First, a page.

Bountyhunter
04-10-2006, 10:23 PM
Bontai Joe:

You did anal maintenance on a car????????? :hide: :fing20: :tsk:

That is way too much information! :omg:

Bountyhunter ROF

Mrwiggles2
04-11-2006, 08:24 AM
Bountyhunter- he said "semi-anal".......... is that like bi or somethin'? ROF ROF

neil_nassauequipment
04-15-2006, 09:09 AM
Sorry ,I've been out of town for a week.
This is a belt drive lawn tractor that has a smaller Sunstrand BDU hydro in it than the shaft drives. It was an early example of "unitized " hydros. Drive input (via belt/pulley) is actually to top of gear trans, internal gearing moves it on to the hydro,bolted on side,which does its thing and sends power back into the trans. The pump is seperate internally from its final gear drive and has a oil resivoir (or cup) on top. There is a line on it for proper level of hydro oil. The gear drive portion is sealed and uses 16 oz of transmission grease p/n 737-0223 that is replaced if transmission is ever "opened" for any reason. The pump was filled with hydro fluid that also is only replaced if pump is torn down. Filtration is by an internal filter.
Hope this helps......and welcome to the forum.

glenn27
04-15-2006, 09:33 AM
The JDeere dealer told me the same thing about the hydro unit in my lawn tractor--keep the bottle filled between lines-keep it cleaan from grass/dirt for coolin, and leave it alone--he said they have had macines in for engine teardowns with 1,000's of hous and the tranny is still pulling along... :fing20:

I thing this might be a "male" thing--I just like to make sure all fluids are new/fresh.... ROF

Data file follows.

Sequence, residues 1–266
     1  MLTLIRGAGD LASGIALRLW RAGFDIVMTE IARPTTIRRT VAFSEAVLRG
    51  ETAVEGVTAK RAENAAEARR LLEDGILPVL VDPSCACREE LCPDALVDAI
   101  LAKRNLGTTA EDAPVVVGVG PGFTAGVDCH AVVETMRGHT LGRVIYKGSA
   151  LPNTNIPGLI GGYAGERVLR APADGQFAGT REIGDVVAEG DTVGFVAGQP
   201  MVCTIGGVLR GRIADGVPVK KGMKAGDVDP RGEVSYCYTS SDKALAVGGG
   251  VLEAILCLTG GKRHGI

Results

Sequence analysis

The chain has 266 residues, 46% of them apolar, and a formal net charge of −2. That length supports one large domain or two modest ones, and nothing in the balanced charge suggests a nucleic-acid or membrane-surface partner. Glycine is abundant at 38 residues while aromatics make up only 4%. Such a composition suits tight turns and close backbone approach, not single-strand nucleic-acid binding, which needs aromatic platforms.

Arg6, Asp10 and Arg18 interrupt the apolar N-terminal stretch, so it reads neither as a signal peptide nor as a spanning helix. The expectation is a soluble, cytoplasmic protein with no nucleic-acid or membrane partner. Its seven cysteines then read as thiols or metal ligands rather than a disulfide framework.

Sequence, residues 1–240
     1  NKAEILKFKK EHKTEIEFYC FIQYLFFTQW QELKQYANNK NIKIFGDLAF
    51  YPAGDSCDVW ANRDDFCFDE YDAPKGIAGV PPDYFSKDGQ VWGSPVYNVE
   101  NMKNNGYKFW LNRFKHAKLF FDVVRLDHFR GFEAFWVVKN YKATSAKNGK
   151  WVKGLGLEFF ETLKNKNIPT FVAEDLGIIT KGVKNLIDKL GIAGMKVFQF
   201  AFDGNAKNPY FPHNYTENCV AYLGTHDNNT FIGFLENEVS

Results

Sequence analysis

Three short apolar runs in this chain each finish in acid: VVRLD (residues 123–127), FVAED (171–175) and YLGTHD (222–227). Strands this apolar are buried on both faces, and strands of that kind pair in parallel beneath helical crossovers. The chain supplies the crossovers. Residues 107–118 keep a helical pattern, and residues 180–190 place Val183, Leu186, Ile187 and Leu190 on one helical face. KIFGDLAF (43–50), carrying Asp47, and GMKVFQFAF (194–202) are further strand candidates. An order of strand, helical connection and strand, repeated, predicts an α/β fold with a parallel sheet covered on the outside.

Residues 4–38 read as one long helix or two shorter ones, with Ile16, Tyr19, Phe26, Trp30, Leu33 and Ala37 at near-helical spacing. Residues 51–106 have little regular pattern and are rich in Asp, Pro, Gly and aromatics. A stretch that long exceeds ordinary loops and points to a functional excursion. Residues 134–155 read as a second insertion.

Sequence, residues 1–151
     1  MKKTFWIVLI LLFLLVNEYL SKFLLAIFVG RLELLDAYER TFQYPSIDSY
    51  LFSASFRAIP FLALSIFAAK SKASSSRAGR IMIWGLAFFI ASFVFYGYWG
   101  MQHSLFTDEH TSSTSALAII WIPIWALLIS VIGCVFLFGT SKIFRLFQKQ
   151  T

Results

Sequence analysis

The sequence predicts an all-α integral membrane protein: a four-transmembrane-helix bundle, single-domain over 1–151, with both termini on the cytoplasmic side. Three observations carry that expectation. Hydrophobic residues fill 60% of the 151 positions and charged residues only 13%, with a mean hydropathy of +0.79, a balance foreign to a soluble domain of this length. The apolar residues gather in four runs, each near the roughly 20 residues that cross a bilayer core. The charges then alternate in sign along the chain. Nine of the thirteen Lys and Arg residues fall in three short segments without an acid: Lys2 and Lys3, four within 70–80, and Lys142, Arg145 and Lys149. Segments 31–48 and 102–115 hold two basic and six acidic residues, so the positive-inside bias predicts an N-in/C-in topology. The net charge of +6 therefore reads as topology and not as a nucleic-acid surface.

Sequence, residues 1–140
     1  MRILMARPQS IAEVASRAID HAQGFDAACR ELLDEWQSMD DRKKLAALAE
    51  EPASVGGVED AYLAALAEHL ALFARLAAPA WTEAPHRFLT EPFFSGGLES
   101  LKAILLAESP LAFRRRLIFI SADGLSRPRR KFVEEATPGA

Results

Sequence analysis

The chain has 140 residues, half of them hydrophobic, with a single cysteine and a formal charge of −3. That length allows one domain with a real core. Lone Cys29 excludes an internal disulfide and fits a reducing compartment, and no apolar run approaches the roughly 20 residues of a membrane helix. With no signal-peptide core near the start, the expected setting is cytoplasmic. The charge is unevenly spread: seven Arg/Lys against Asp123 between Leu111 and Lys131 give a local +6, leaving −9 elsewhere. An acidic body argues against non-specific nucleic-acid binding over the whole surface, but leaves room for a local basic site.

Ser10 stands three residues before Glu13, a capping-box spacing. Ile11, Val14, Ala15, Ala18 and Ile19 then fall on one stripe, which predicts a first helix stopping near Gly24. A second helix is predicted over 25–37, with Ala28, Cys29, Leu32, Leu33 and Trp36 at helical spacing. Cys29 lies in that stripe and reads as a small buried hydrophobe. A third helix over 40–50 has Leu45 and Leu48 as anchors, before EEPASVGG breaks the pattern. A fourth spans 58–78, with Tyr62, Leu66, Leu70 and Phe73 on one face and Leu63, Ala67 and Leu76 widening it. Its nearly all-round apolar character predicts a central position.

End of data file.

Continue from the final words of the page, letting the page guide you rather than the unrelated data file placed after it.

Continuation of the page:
As Joe said, Most vehicles on the road will outlast us with proper maintenance....

roadhog96
04-15-2006, 02:36 PM
Neil, I had that feeling after hearing all the simular replies. I guess I'll leave well enough alone. You are right about the Hydro trans, you described it right down to a T. It is only a light duty type lawn tractor, it would never hold up to heavy duty use, but works great for mowing and light cart use. I've done some neat mods to it to make it much nicer than when it was new. Thanks for your input everyone. roadhog96

bontai Joe
04-15-2006, 10:24 PM
Thanks Neil! From your description, it's a very different set up than my old Deere.

jeepfreak81
11-23-2008, 11:39 AM
I bought a 1320 at an auction yesterday and did not receive a manual. What type of fluid goes in the cup on the top of the trans that was mentioned? I want to keep the trans in working order if I can, I know they are prone to failure on this model. I have a very small lot to mow and the biggest reason I have it is for plowing the driveway in the winter (to be supplemented by a walk behind snowthrower)